Part 1: Purchase
It started during 2011, when I found myself torn, on fine days, being sailing and walking for exercise. That summer and fall, sailing lost consistently, and it hurt. "Ah," I thought, "If I had a rowboat, I could be on the water AND get exercise!" When the glaciers retreated in the spring of 2012, I started looking into rowboats, specifically canoes that I could rig with forward facing oars. I had considered kayaks, ordinary paddled canoes, and traditional rowboats along the way, and had rejected them all for one reason or another.
This brings us to our first digression; there will be many. Remember that the journey is the worthier part.
I have never been able to make a canoe go in a straight line. I have never even been able to PARTICIPATE in making a canoe go in a straight line; a canoe in which I am a passenger will behave normally, but as soon as I pick up a paddle, whether as skipper or crew, the boat begins to weave drunkenly.
Kayaks are better, except that I am (or was, at last test) too fat for most of them, both by capacity and because my gut interferes with my ability to breathe in a typical kayak seat. My most successful kayak expedition involved sitting on the back of the seat well, with my legs tucked into the seat well tailor fashion. This worked pretty well, except for the fact that the water entering the kayak through the steering cable vents (which were submerged due to the horrible weight distribution of my makeshift seat) sank the kayak.
Traditional rowing (facing backward) just isn't any fun for me. I've tried it, I don't get along with it. Speaking as someone who has destroyed two different bicycles by ramming parked cars THAT I COULD SEE, my ability to collide with things in improbable circumstances is just too great. This is obviously a moral shortcoming on my part, but the fact remains: I simply do not enjoy going backward.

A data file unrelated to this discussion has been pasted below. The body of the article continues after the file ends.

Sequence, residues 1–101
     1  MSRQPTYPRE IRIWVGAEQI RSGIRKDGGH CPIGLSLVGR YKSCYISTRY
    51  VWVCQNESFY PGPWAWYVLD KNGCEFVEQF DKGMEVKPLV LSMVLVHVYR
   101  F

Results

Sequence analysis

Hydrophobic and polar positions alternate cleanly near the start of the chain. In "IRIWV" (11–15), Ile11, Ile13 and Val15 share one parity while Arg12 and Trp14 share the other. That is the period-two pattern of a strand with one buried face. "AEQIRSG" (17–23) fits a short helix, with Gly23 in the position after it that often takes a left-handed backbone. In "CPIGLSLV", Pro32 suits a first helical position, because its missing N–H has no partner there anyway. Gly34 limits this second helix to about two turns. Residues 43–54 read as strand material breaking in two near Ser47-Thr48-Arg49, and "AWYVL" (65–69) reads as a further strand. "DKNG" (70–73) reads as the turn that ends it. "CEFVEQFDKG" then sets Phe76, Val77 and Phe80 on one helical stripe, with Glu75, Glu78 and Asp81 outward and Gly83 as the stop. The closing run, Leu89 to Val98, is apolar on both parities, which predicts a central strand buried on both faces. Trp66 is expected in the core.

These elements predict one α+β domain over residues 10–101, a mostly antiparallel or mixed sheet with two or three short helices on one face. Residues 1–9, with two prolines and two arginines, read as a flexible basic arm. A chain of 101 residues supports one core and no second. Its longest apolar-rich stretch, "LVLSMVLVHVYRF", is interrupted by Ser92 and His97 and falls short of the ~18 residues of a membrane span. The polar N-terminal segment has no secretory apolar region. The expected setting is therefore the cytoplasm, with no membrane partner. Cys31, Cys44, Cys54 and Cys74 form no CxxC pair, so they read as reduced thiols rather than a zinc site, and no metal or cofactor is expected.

Homebuilt rowboats were also not an option. As much as I love the the homebuilt community, and as much as I am fascinated by the designs, that path is largely closed to me. Part of the problem is that I simply don't enjoy carpentry. A larger part of the problem is that, if I am going to do carpentry at all, there is a LONG list of home repair projects that I really should do FIRST, so boat building is a morally dubious exercise thereby. And finally, there is the fact that I need to do most, if not all, of my carpentry out of doors, which means that boat-building time conflicts directly with boat USING time, and the chance that building will win out on any given day is REALLY small.
So... A commercial canoe, and forward facing oars. I had already had a fair amount of experience with the forward facing oar rig made by Gig Harbor Boatworks; I had installed a set on my second-hand Michalak "Vector", the "Valkyrie", so that part of the set up was easy. Finding a suitable canoe, on the other hand, was trickier. My budget was limited, and I NEEDED a fat canoe to get a functional spread for the oars. I looked over what was available, and eventually bought a dark green "Rogue River 14TK" from BassPro.
Getting the boat home was interesting. The loading dock crew at BassPro felt that four guys was the appropriate crew to load the canoe on my car, which amused me, since I was planning to take it on and off solo. I paid for that brief grin, though; there was a moment a while later, when I was taking the canoe off the car, when I was standing next to the car with the full weight of the canoe on my right hand, overhead on my outstretched right arm. I suddenly realized that my brand new toy was seven feet above the pavement, and that I had no idea whatsoever what would happen when I bent my elbow. There was a time, certainly, when I could do a 65 pound one handed overhead press-- but that was 30 years ago. I hesitated for a stupidly long moment, and then went for it. Nothing, including me, broke. I bought some oars, some lumber, and spent some time fretting about drilling holes in my brand new toy.
End of Part One